Don’t rely on golfers to call in, he emphasized, referring to the large influx of golfers who migrated to the Internet in 2020 to make their reservations. They are most likely to stay there, he says, given the ease, convenience and safety of booking online.
Triplett also suggests regularly opening the back 9 for the early morning dewsweepers. Sending 9-holers off the back when the 1st tee is slammed with 18-hole golfers expands your capacity and increases revenue.
“Those back-9 golfers may not have freshly mown greens and new hole locations or they might have to tolerate mower noise from the groundskeeping crew, but you might be surprised how many people don’t care if they are offered the opportunity to play,” he said.
“We all play for different reasons,” said Orr, “which is exactly why we never have a problem finding golfers to sneak off the back-9 first thing in the morning. “We don’t put them on our tee sheet, so it doesn’t block our inventory.”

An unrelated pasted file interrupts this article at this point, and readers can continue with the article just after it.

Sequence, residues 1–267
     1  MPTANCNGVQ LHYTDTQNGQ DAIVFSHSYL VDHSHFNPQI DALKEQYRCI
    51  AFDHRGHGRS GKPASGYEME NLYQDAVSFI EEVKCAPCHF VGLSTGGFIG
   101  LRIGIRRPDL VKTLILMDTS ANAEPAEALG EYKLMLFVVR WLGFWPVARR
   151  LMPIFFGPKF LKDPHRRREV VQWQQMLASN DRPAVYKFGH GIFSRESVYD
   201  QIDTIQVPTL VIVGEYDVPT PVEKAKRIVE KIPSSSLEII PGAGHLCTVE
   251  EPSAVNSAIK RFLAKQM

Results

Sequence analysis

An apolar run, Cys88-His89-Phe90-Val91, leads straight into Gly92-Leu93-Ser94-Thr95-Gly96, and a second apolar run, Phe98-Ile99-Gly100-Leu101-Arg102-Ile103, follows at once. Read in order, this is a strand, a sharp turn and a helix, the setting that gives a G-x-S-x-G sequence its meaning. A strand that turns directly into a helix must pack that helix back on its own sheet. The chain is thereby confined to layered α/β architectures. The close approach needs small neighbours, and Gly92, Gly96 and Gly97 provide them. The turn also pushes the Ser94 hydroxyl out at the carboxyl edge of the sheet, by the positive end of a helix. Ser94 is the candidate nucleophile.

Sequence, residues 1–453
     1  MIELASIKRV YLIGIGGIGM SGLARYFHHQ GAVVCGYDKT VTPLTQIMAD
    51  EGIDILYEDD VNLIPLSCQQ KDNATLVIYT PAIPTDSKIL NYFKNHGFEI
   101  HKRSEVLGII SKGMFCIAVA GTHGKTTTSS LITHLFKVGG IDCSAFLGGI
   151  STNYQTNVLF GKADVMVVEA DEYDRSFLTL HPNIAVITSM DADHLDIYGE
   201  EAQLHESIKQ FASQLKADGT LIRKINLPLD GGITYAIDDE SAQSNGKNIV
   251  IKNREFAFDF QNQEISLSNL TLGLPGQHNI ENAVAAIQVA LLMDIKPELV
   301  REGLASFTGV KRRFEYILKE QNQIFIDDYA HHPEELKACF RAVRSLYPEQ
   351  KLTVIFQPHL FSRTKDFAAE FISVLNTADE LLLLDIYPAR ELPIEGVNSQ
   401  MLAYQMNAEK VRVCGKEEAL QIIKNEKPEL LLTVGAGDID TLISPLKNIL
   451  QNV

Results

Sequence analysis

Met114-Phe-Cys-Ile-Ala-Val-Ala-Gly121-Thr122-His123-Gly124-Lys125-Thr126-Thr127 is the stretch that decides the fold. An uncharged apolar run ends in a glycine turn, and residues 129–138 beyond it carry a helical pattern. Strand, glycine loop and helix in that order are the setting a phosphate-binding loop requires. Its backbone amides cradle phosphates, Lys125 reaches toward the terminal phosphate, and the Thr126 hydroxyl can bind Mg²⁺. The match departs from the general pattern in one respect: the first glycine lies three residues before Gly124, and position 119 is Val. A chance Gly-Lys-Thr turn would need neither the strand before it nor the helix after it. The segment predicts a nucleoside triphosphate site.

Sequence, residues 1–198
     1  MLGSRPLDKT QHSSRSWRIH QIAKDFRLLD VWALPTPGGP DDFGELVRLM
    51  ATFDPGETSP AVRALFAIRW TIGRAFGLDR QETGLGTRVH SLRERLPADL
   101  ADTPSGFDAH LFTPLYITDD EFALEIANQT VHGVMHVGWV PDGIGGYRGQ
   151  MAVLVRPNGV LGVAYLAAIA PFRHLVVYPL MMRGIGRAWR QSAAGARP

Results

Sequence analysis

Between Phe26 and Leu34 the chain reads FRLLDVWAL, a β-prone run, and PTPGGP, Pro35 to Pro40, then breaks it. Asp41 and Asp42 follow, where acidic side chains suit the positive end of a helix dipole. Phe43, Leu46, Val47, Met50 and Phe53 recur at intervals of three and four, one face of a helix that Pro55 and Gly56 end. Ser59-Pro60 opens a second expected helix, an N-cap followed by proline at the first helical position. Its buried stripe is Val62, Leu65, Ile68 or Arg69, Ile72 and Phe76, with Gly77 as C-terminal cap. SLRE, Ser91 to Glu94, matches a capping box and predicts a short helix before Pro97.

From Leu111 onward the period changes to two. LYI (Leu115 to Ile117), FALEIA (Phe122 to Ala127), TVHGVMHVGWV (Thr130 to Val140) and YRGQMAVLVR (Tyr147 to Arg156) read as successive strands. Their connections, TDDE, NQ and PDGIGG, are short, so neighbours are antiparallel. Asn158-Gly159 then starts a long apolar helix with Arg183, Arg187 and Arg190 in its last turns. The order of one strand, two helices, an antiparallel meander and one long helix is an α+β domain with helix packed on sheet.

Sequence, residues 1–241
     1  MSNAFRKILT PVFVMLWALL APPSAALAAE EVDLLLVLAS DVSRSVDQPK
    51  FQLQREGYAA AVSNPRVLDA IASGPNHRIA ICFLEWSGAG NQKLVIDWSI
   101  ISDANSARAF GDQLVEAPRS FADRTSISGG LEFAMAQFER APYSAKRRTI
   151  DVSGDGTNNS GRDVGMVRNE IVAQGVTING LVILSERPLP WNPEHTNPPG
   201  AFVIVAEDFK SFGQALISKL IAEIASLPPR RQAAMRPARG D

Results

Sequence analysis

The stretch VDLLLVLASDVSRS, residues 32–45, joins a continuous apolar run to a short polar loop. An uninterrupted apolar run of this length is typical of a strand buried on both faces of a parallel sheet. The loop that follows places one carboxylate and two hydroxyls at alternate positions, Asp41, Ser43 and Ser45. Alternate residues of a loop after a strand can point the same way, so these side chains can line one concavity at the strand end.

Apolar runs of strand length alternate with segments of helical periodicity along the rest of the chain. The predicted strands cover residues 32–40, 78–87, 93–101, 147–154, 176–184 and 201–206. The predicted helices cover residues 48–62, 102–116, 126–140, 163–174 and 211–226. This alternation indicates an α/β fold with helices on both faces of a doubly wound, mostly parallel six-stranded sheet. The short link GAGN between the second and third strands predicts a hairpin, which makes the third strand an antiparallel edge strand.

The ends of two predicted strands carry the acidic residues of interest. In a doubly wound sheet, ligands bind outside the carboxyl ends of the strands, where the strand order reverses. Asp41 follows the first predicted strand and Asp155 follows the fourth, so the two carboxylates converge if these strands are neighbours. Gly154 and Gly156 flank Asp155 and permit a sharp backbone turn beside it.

At Schaumburg Golf Course, Parsons says part of their business strategy after a recent renovation was to accommodate the 9-holers by building tee boxes farther up in the fairways, providing an option for both new golfers and juniors. Triplett recommends that course managers work with their superintendents to manage capacity, which also is a part of being the revenue management expert for your facility. “It’s one of the many hats you can wear in becoming a more successful golf course operator,” he said. “Actually, everyone at your club should be on the same page when it comes to revenue strategy.”
Online search for 9-hole play is becoming more predominant, so much so that GolfNow and TeeOff – and many of their partner golf courses – have 9-hole filters on their tee time booking engines. “9 holes near me” has become a common search term for golfers looking to get in that quick 9. “Some people can’t find four hours in their day for a round of golf, but they can find 90 minutes,” Triplett said. “These time-sensitive opportunities can be a valuable tool to fill your tee sheet.”